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An Ode To Ronnie O'Sullivan, Snooker's Magnetic Genius

An Ode To Ronnie O'Sullivan, Snooker's Magnetic Genius
By Gavin Cooney

The past is a foreign country, they do things differently there.

Recently here at Balls.ie Towers, we were tasked with writing a piece about our favourite sportsperson from our youth. When we were asked for this series of articles, it took me quite a while to think of whom to write about. I grew up a Liverpool fan, so I assumed I would write about Steven Gerrard. I could recollect a few famous Gerrard images: the Olympiakos volley, the Istanbul header, the post-Real Madrid leap; that fucking slip. Yet the more I thought about it, the more I started thinking about Ronnie O'Sullivan. The more I tried to list out Gerrard moments to connect up and weave together into a collection of words someone would consider worth reading, the more I sat vacantly at a largely blank page.

Instead, I couldn't shake an image of Ronnie O'Sullivan.

The image was of him scrubbing a cue with a block of chalk, head cocked and tongue peeking over his lower lip, scoping out the latest angle of a snooker table vulnerable to attack; like a fencer with foil in hand outstretched, ready to spring upon an opponent.

I have no idea why it kept coming into my head. While I have celebrated Liverpool goals in mid-table clashes with Stoke in a kind of delirious frenzy - and consciously spent vast sums of money to go and watch Liverpool games. Why the hell did O'Sullivan come into my head? I've never traveled anywhere to see the man in action. I've never actually played on a snooker table. I've never made too much of a concerted effort to make time to watch snooker. I always tune into the final of the tournaments on the BBC, and would follow the World Championship for the couple of weeks that the competition is on, but the typical 'X til' I die' brand of fandom did not apply.

And yet any time I wanted to turn this piece into a lyrical evocation of heady and wild nights at Anfield - the kind of piece Vincent Hogan can write to deadline from Thurles -  I could only picture O'Sullivan stooped confidently over a snooker table, wide-eyed, snooker cue grazing the bottom of his chin as it is passed over the whitened flesh between fingers of a splayed hand.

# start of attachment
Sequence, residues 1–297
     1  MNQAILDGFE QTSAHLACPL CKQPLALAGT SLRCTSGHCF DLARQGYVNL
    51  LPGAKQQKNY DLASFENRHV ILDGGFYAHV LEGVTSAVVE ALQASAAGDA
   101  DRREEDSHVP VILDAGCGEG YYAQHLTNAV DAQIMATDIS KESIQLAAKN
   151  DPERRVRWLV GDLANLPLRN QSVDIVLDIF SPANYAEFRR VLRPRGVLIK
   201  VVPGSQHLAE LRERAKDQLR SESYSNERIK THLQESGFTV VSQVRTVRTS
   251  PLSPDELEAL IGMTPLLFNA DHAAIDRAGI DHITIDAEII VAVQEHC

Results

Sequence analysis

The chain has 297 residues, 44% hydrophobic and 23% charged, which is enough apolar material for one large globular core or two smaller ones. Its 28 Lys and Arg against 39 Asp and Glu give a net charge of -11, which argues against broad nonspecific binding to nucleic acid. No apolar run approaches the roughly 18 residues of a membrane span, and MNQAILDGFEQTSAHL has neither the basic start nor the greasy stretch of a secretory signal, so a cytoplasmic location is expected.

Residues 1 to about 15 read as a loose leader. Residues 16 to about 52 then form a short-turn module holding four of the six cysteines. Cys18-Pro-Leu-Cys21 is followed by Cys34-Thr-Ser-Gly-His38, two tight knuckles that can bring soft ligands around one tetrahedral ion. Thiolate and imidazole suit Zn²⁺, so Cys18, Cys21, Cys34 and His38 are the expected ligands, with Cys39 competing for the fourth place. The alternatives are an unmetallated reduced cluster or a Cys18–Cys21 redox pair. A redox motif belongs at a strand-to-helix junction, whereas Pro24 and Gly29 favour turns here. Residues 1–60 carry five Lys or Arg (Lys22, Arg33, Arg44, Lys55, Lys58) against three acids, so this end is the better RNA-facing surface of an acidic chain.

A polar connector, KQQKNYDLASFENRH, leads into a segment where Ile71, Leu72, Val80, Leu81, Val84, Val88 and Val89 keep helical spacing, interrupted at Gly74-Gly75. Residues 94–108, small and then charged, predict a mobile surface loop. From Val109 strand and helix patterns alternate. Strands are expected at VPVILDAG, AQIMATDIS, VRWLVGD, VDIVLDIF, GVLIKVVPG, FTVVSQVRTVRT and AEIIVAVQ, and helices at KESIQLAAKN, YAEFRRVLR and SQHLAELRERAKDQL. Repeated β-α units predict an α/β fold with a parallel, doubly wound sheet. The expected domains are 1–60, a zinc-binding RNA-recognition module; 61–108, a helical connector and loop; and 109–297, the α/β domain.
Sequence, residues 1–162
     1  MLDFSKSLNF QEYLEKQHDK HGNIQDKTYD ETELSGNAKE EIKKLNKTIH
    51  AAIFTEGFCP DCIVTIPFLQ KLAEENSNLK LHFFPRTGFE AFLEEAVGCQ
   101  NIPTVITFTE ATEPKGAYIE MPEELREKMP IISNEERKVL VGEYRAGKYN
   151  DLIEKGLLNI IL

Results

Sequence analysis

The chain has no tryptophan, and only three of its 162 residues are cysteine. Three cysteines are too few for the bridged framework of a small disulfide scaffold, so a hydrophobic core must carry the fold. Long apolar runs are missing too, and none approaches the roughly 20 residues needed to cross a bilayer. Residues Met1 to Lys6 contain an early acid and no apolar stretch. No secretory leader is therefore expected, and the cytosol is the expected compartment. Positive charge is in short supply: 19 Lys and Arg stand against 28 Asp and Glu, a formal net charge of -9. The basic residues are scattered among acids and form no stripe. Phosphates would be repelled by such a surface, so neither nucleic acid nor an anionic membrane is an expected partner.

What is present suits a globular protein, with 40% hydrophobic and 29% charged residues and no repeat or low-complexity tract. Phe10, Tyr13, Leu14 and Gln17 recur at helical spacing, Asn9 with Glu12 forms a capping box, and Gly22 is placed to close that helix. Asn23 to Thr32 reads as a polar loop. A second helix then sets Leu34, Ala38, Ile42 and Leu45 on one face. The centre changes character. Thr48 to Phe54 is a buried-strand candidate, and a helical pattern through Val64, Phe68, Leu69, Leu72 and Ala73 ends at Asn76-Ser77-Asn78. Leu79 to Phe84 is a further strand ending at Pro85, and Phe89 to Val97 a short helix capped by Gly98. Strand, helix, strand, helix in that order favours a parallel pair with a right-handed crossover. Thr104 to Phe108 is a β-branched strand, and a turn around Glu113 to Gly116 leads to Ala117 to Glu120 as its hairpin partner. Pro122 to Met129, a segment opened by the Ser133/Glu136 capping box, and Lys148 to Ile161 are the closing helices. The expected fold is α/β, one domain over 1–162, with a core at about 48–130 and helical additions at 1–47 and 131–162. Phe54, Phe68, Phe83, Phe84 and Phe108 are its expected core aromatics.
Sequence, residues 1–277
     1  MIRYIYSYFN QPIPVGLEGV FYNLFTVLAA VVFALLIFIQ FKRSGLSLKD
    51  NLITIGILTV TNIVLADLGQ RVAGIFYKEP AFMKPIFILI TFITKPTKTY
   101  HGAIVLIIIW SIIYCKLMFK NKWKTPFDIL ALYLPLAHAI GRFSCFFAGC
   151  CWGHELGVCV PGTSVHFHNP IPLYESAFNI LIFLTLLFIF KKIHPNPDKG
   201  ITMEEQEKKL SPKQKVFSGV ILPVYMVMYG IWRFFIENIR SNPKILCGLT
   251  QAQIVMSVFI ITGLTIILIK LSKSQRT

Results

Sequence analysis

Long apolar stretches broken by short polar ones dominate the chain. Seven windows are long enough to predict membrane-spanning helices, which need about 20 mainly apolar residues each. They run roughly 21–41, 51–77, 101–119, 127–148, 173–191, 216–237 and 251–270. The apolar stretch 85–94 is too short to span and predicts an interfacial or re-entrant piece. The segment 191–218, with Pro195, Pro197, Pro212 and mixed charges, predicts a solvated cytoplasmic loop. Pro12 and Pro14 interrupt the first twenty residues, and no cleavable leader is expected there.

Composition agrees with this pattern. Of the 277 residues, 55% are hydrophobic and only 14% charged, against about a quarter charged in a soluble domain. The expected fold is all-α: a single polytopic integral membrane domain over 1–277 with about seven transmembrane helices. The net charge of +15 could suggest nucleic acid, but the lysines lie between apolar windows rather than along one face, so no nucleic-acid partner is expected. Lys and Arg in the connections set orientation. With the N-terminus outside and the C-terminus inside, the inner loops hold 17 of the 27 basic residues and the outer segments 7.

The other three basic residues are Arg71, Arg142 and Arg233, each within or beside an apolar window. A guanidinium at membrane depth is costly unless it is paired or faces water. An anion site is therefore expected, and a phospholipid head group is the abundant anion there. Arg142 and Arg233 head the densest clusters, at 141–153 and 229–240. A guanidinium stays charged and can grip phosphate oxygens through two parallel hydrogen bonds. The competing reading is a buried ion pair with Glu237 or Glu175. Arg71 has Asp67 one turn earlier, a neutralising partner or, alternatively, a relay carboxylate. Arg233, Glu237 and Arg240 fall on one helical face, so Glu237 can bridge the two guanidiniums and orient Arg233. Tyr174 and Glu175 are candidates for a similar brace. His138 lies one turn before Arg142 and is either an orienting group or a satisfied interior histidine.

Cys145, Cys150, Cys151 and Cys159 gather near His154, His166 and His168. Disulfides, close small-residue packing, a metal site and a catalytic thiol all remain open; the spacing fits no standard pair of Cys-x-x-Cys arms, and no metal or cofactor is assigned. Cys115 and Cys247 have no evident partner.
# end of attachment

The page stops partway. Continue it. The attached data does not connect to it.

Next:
Often in life, things become important, rather than being important in the first place. Critical moments in your life become landmark in retrospect. The moments that endure in memory as emblems of youth are often surprising, because at the time, you had no idea that they were important. These were moments of complete immersion; events that you did not come to saying 'well, I've paid a couple of hundred quid to be here, let's remember it' but instead are occasions which seduce and draw you in with magnetic immediacy.

Nobody does this better than O'Sullivan. In football - given the enormous news cycle it must fill each day - individual moments are often wedged into a larger context, one of the 5 things we learned from a match. Snooker is one of those things that happens year round for diehard fans and/or gambling addicts, but for the rest of us, it arrives on the BBC for a fortnight in April as a quaint fidgeting of bow-ties and shushing of fans and then shuffles off stage for another year.


For those couple of Crucible weeks, however, it totally sucks me in, with O'Sullivan its arch-seducer. Those images above weave with countless others in my mind to stitch together a relentless yet graceful cycle of O'Sullivan gliding around the table: sizing up the angle, swooping to pot, stepping back to size up another angle to restart the process all over again.

Here is its apogee:


O'Sullivan's bewitching pull has drawn me in and remained tattooed across my memory for years. O'Sullivan playing snooker was free of the veneer of inauthenticity of worshiping Steven Gerrard because I chose to support Liverpool. I didn't choose to support O'Sullivan. He simply drew me in and made himself unforgettable. And he continues to do so.


See Also: Watch: Ronnie O'Sullivan Makes A Shot Only He Would Contemplate

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